Former Transparency International Malaysia chief Tunku Abdul Aziz’s 18 October commentary in Malaysia’s New Straits Times (below) makes me feel both sad and a tad bit annoyed. Sad, because of his call for Malaysia to adopt a “policy of minimum engagement” with Singapore, which he accuses of operating on the basis of “exacting the maximum advantage she can wangle out of any deal, no matter what”. Annoyed, because he somehow fails to see the plank in Malaysia’s own eye when painting Singapore as being legalistic and uncultivable.
It sometimes takes an outside observer to point out one’s flaws. Singapore would do well to conduct some introspection before summarily dismissing Tunku Abdul Aziz’s criticisms. It is true that Singaporeans and our government seem to always want to win at all costs. Kiasuism (being afraid to lose) is a national culture that permeates not just the everyday behaviour of ordinary Singaporeans, but goes all the way to the top levels of government. Our government, by its own admission, does tend to be cold and clinical in the way it operates. Although observing international law and abiding by agreements are obviously very important, we do ourselves a disservice when we buy into the dogma that being cold and clinical in our approach to foreign relations is the only way to secure our national interests. Showing a bit more of empathy may not always reap us commensurate benefits, but it certainly won’t make us more enemies.
I’m glad the Tunku understands what it feels like to be a tiny country and have a neighbour 2771 times our size calling us a “little red dot”. We have every reason to feel insecure at times. When an Indonesian president suggests that Indonesia and Malaysia should team up to cut off Singapore’s water supply, or a former Malaysian prime minister frivolously jokes about bombing Singapore with his MiG warplanes, how can that not make us wary of our close neighbours?
Malaysia is Singapore’s largest trading partner, and Singapore is Malaysia’s second largest trading partner and its biggest source of tourist dollars. Many Singaporeans and Malaysians still have relatives across the Causeway. We celebrate pretty much the same festivals, eat the same food, speak with the same accent. When I am abroad and I hear someone speaking with a Singlish accent, I would always ask the person whether he is Singaporean or Malaysian, because it’s hard to tell our accents apart. We share the same desire to build cohesive, multiracial and multi-religious societies. If you compare our similarities and differences, the scale would definitely tip in favour of the former.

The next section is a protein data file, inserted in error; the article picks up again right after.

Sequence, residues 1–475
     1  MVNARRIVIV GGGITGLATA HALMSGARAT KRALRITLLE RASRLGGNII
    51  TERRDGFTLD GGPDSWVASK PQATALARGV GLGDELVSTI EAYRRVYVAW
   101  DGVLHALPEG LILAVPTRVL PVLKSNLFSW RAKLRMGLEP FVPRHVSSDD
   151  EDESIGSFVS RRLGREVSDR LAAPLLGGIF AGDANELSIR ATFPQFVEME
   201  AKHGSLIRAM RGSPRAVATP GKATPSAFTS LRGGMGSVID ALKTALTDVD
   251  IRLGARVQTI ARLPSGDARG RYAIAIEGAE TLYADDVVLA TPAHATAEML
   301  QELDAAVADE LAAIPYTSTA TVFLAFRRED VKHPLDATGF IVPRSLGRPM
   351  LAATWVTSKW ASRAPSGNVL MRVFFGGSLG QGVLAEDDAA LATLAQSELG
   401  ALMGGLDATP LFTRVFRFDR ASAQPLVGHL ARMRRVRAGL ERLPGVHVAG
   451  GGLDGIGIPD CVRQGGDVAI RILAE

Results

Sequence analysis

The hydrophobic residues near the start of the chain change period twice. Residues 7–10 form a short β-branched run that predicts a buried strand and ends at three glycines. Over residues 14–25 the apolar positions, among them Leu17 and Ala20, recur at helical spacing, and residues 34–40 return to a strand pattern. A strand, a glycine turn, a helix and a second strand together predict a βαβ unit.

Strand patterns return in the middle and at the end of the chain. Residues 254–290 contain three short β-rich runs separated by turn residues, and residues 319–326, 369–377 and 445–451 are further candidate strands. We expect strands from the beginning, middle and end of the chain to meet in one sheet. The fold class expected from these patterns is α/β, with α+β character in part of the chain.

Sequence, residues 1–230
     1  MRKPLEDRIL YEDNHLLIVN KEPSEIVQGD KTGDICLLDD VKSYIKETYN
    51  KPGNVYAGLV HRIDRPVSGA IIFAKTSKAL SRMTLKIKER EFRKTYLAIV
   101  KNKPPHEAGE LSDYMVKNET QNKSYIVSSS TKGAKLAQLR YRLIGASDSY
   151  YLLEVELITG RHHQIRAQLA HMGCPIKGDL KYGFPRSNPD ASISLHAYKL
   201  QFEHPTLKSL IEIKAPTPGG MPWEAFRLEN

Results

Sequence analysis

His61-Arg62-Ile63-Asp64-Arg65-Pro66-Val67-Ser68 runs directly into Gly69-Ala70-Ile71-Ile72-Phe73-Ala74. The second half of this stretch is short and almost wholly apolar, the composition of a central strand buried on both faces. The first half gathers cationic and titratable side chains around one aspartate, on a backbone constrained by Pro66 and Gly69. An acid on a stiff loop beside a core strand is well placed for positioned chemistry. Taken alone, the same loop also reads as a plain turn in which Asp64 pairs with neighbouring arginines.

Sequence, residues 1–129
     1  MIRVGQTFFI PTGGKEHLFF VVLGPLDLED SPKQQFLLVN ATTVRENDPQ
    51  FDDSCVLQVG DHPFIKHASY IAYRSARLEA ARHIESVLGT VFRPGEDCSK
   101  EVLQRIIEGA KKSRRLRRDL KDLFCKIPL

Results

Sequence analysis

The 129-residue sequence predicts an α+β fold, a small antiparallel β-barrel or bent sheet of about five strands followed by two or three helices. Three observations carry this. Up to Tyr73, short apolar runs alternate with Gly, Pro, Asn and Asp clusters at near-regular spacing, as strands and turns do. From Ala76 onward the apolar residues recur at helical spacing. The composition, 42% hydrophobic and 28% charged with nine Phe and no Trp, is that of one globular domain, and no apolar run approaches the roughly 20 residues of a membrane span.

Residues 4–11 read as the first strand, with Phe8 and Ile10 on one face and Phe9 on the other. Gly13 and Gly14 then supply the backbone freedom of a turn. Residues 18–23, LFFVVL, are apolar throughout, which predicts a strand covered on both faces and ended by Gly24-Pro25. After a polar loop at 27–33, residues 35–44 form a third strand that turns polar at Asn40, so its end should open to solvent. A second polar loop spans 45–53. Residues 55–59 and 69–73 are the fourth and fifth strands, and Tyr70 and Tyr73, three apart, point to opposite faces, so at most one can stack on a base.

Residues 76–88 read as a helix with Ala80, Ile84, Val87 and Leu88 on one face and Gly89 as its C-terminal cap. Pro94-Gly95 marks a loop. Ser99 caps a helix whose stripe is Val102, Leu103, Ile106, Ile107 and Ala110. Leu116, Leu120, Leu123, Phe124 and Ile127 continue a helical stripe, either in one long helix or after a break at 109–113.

There’s a very competitive world out there waiting to devour small economies like Singapore and Malaysia. The most practical solution, moving forward, would be to put aside our petty quarrels and cooperate to tackle the challenge of globalisation together. As such, the calls from some quarters in Singapore for an economic union with Malaysia should be given some consideration. We should seek to engage each other more, rather than less. Engagement should not only be at government-to-government level, but also at the institution-to-institution and people-to-people levels as well.
Most of what the writer described was based on the issues of contention that flared up during Dr Mahathir’s period in office as prime minister. There is no better time to engage Malaysia than now, while it is under the leadership of Abdullah Badawi – who is probably the most down-to-earth and pragmatic prime minister Malaysia has had since independence. Both Singapore and Malaysia should grasp this opportunity to make hay while the sun shines. Singapore and Malaysia should aim for maximum engagement now, not minimum.
Singapore is simply a neighbour too far
New Straits Times
18 Oct 2006
By TUNKU ABDUL AZIZ
Singapore has every right to pursue her own agenda as she sees fit. We only hope that she will grant us a similar right to follow ours without screaming foul play at every opportunity and imputing improper motives.
Individual can, within limits, determine who their neighbours should be. Nations, unfortunately, do not enjoy that luxury. As far as we are concerned, Singapore is a case in point.
We must concede that Singapore has every right to pursue her own agenda as she sees fit. We can only hope that she will grant us a similar right to follow ours without screaming foul play at every opportunity, and imputing improper motives.
Neither of us owes the other a living. We have no hidden agenda, and do not harbour or aspire to any expansionist or territorial ambitions. If we had wanted to hang on to what many of us then considered an abomination, we would not have shown Singapore the door.
Being small is not always easy, especially when you are trying to flex your muscles and punch above your weight. To be constantly reminded that you are nothing more than a red dot on the face of the earth as President B.J. Habibi of Indonesia once did, somewhat insensitively, must have touched some very raw nerves, especially for a country that can justifiably claim a string of successes on so many fronts.